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1) This rundown provides additional evidence that GenXers really did have better career prospects and economic opportunities than millennials. Most of my classmates appear to have been continuously employed for as long as they’ve wanted to work, and many have held positions over their careers that they would have viewed as dream jobs back in 1993.
2) This summer associate class was filled with extremely talented people. I remember feeling a little imposter syndrome when I saw the resumes of my classmates. We now know that many of them were destined for remarkable careers in a wide range of fields, including law, finance, entrepreneurship, management, academia, and more.
3) You can see how many people left the law firm in 1997-1999 (I left shortly thereafter in 2000). The late 1990s was a crazy time, and the law firm had a tough time competing. 28 years later, it appears that only 1 cohort member is still at the law firm; and it appears only a few stayed more than a decade. I wonder if that yield rate is consistent with the law firm’s projections in Fall 1992 when it set this class…?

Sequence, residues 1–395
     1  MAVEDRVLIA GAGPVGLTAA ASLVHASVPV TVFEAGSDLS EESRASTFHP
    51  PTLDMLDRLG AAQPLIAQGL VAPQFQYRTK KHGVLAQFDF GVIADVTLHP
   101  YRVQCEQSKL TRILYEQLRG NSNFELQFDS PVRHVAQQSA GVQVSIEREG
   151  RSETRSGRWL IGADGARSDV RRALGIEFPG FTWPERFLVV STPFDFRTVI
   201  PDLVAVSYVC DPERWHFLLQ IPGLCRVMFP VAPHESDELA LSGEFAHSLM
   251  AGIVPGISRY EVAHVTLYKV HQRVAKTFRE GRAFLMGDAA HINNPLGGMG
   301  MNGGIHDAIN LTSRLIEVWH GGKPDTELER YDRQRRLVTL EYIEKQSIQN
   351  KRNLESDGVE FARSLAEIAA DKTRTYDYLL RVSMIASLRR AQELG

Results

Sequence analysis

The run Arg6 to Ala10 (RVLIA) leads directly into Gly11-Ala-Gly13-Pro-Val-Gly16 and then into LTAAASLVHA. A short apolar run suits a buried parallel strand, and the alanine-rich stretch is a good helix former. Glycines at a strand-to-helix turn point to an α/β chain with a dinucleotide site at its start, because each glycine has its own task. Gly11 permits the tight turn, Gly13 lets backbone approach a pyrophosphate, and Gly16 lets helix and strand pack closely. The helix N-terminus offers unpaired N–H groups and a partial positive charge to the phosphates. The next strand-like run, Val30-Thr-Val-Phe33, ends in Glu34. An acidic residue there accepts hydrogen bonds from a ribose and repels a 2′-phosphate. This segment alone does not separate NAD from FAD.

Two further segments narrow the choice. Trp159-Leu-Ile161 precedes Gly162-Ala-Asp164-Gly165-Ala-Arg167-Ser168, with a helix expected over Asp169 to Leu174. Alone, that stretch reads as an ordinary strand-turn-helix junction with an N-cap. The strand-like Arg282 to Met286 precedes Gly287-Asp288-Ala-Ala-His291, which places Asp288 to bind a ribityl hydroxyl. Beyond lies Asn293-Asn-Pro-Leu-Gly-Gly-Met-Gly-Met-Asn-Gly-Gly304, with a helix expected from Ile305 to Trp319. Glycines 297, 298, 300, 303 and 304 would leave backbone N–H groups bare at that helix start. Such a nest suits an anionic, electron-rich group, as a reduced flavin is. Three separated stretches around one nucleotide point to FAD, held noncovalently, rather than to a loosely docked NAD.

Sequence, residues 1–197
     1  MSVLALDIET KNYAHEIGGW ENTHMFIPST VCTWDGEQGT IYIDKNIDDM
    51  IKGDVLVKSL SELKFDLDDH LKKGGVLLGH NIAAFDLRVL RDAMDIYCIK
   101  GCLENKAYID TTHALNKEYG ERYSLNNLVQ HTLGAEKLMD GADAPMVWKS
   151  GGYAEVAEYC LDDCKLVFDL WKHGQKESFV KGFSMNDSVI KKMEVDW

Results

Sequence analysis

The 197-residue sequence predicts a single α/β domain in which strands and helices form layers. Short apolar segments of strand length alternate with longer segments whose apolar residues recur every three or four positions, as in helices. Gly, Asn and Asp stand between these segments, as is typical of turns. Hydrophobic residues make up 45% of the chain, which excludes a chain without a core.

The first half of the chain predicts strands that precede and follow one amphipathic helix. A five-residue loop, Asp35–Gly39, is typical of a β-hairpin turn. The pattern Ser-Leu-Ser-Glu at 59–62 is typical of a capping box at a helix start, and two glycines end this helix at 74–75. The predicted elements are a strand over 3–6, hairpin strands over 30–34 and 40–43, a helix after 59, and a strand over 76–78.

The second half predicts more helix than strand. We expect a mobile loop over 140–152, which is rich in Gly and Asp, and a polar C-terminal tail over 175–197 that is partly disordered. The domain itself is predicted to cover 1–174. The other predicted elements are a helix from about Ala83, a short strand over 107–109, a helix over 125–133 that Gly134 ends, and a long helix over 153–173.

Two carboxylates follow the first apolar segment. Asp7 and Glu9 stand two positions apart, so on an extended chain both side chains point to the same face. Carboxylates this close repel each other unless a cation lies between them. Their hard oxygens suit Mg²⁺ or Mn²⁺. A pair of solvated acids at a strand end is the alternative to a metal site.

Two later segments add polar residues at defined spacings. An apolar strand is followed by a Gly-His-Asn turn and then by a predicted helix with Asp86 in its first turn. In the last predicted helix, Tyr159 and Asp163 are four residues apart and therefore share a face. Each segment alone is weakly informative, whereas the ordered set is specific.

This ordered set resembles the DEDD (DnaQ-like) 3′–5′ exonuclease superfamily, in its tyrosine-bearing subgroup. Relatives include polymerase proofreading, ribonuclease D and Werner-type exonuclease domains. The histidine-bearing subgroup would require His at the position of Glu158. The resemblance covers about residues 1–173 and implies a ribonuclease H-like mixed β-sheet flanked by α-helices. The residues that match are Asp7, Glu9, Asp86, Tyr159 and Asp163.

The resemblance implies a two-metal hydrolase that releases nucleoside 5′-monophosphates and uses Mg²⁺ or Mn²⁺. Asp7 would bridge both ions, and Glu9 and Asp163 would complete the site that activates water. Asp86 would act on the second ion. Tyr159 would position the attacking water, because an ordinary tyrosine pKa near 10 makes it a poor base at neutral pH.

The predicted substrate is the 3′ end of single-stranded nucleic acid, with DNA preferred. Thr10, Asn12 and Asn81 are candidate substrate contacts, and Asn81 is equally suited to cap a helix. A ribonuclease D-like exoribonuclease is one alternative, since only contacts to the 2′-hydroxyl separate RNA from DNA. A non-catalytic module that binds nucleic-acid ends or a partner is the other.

4) I can’t decide if I’m envious or not of my retired classmates. Obviously retirement is a strong indication that they achieved their life’s wealth objectives, but I also love my job and don’t want to stop doing it!
As I’ve said many times, I didn’t leave the law firm because I was unhappy there (though 1999 was a brutal year workwise). I left because I was more excited about the opportunity at Epinions. I can imagine a scenario where I stayed at the law firm in 2000, made partner, and stuck around until today. However, as much as I enjoyed being a lawyer and working at Cooley, I love my current job even more…even when I remember that I’m earning 10-20% of what I’d be earning as a partner at Cooley.